Every Batman Ever Marathon: Batman Returns (1992)

Welcome to the Waiver Wire’s EVERY BATMAN EVER MARATHON.  In the weeks leading up to the release of  ‘The Dark Knight Rises’ I will be watching and analyzing every feature film based on the Caped Crusader.  The Batman film franchise is an old one with roots stretching all the way back to film serials produced in the 40′s.  The first feature film came about in 1966 and our love affair with The World’s Greatest Detective has continued on ever since.    Check back every Wednesday for the newest installments and I encourage you to join in and do the marathon with me.  Here’s the schedule (click on the date for past installments):

Intro: 5/23Batman (1966): 5/30Batman (1989): 6/6;  Batman Returns (1992): 6/13; Batman Forever (1995): 6/20Batman & Robin (1997): 6/27;  Batman Begins (2005): 7/4The Dark Knight (2008): 7/11Recap/Rankings: 7/18The Dark Knight Rises (2012): 7/25

Batman Returns (1992) 

Director:  Tim Burton

Cast:  Michael Keaton, Danny DeVito, Michelle Pfeiffer, Christopher Walken

Plot:  A crazed circus gang emerges from Gotham’s sewers and tries to destroy the city…No, not really.  There really is a circus gang, though. They work for The Penguin (DeVito), a deformed man/monster who was abandoned as a baby by his rich parents and subsequently raised by the penguins living beneath the Gotham Zoo’s arctic exhibit.  The Penguin teams up with the villainous businessman, Max Shreck (Walken), who plots to make The Penguin Gotham’s mayor so he can carry out his own industrious crimes, unimpeded.  Penguin meanwhile wants to kill all of Gotham’s first born sons as a sort of vengeance for his own abandonment.  When Shreck’s frumpy assistant, Selina Kyle (Pfeiffer), stumble onto the plot Shreck tries to kill her but the traumatic experience turns her into the seductive vigilante/burglar, Catwoman.  Batman (Keaton) must stop the ensuing chaos all while struggling with his romantic relationship with Selina.

Production History: Tim Burton did not originally want to return for a Batman sequel because he had mixed feelings about the result of his first film.  But the darker second script, along with a promise for more creative control, satisfied him and he ended up returning for what would be his final Batman installment.  Anette Bening was originally cast as Catwoman but had to drop out, eventually being replaced by Michelle Pfeiffer.  Keaton returned at a huge salary bump and Danny DeVito was cast as a disfigured version of The Penguin.  Burton also cast Christopher Walken as evil business man, Max Schreck, but was uncomfortable doing so because he found Walken to be frightening.  Some things you just can’t make up.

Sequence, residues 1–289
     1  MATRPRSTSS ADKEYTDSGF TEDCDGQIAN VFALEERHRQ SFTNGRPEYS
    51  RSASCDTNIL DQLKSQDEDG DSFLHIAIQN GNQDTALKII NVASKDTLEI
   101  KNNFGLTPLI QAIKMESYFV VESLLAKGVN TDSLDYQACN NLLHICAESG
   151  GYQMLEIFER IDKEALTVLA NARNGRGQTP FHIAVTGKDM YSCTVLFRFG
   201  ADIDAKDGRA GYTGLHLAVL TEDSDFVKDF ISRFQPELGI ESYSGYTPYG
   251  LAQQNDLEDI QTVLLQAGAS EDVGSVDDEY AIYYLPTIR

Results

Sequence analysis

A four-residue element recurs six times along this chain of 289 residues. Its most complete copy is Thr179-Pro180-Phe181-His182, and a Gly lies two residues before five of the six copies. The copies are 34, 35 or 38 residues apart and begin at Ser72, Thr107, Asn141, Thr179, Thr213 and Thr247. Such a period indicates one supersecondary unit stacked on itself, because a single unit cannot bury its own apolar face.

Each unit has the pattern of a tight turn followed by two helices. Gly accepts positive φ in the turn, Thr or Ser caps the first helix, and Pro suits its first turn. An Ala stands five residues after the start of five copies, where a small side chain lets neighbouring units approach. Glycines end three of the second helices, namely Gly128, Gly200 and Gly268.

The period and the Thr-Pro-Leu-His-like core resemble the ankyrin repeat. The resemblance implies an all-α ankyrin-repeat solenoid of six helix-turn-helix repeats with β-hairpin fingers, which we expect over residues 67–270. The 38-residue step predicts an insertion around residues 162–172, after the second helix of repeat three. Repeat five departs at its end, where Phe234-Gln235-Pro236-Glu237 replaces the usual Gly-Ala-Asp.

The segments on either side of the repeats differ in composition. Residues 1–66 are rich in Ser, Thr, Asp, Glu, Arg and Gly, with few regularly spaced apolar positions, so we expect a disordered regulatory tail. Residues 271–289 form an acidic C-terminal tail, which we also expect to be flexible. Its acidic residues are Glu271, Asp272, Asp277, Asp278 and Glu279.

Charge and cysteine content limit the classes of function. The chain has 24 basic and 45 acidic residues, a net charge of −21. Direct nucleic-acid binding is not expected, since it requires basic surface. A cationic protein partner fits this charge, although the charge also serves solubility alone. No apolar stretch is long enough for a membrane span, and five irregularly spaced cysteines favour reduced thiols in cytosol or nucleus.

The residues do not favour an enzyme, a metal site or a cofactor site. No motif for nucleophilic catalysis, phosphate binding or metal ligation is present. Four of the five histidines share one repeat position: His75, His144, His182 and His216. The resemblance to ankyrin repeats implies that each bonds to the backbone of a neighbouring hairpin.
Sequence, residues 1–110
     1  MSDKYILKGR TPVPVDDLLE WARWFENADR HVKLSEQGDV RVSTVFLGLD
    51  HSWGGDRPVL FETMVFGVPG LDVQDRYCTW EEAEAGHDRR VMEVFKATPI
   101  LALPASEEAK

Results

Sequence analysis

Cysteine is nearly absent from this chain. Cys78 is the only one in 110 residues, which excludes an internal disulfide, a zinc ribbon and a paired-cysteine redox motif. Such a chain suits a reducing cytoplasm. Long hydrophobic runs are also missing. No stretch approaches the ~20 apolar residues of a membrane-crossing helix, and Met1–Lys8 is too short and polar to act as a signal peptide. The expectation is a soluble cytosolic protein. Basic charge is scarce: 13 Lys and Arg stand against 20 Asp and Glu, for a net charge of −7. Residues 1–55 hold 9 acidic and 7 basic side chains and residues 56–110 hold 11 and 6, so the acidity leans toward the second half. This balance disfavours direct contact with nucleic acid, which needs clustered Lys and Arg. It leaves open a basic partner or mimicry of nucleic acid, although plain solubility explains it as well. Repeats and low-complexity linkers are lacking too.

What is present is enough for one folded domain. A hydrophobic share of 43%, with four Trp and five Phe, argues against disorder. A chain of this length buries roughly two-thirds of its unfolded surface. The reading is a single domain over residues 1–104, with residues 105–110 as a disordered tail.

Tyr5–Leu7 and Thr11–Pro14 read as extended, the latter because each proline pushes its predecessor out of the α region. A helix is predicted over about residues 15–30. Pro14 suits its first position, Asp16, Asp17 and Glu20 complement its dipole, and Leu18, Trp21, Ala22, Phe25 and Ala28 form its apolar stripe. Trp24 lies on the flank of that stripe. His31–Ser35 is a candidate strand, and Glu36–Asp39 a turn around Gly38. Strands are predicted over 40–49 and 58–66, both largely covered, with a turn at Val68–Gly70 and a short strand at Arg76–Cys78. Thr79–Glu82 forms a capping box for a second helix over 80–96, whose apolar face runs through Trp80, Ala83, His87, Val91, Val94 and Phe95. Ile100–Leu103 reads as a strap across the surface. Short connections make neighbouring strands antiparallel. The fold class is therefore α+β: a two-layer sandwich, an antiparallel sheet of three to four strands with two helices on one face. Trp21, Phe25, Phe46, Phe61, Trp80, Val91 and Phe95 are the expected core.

The movie was a huge hit financially grossing $266,822,354 on a budget of just $80 million.  It broke the record for highest opening weekend gross and earned critical acclaim. There was, however, a lot of backlash from parents who felt the film was far too dark for children.  McDonald’s even dropped its Happy Meal toy tie-in to avoid controversy.


FIRST IMPRESSIONS:  As a kid growing up in the 90’s I loved Batman, especially the phenomenal animated series.  For some reason the two Batman movies I watched the most were Batman Returns and Batman & Robin.  Why I chose, what were at the time, the best and worst Batman movies as my two favorites, I’ll never know.  But from the very first scene of Batman Returns I was rehooked.  Right off the bat this feels like a Tim Burton movie and he increased creative control is apparent.  The excellent music along with the dark, yet magic tinged, sequence in which The Penguin’s parents are disgusted by their deformed baby and dispose of him (basically right out in the open) feels like a scene that could be stop motion animated.  Also The Penguin’s dad is PEE WEE FUCKING HERMAN!  Chew on that for a minute.

DeVito would again go on to play a high profile role as a monster. He famously portrayed the Boy’s Soul craving Troll in “The Nightman Cometh.”

While I had some big issues with Batman it did establish a pretty interesting Gotham City; a city that seems to exist out of time.  Batman Returns continues that tradition by blending modern (i.e. 90’s) technology with a 1930’s/40’s/50’s aesthetic. Then that is mixed up with some gothic architecture and lighting to create a really distinct Gotham that feels like its own unique city rather than a clone of a real life metropolis.  It makes Bruce/Batman fit in perfectly, a fact highlighted by his first appearance in the film.  The mayor lights the bat signal and the movie cuts to Bruce sitting in a dark room brooding.  Quite literally, he is sitting in a chair scowling and staring into the distance.    He’s either super obsessed or super bored, either way his brand of crazy/tortured soul works perfectly for Burton’s vision.

My last general takeaway is that this movie sort of kicks ass.  Like so much ass that I want to go back to last week’s piece and change it to “Batman (1989) is the shitty prequel to Batman Returns.”  The film is just so much more self-assured and weird and dark and sexy.  Burton is having a fun, DeVito is chewing scenery, Walken looks like a vampire, Pfeiffer’s iconic performance is insane (in a good way) and Keaton has more of a handle on his role.

THE BAT:  Batman has taken some Gotham Parks & Recreation self-defense classes in between Burton’s two flicks but he’s still not the imposing fighter you’d expect for someone who routinely takes on entire gangs (of clowns and contortionists no less).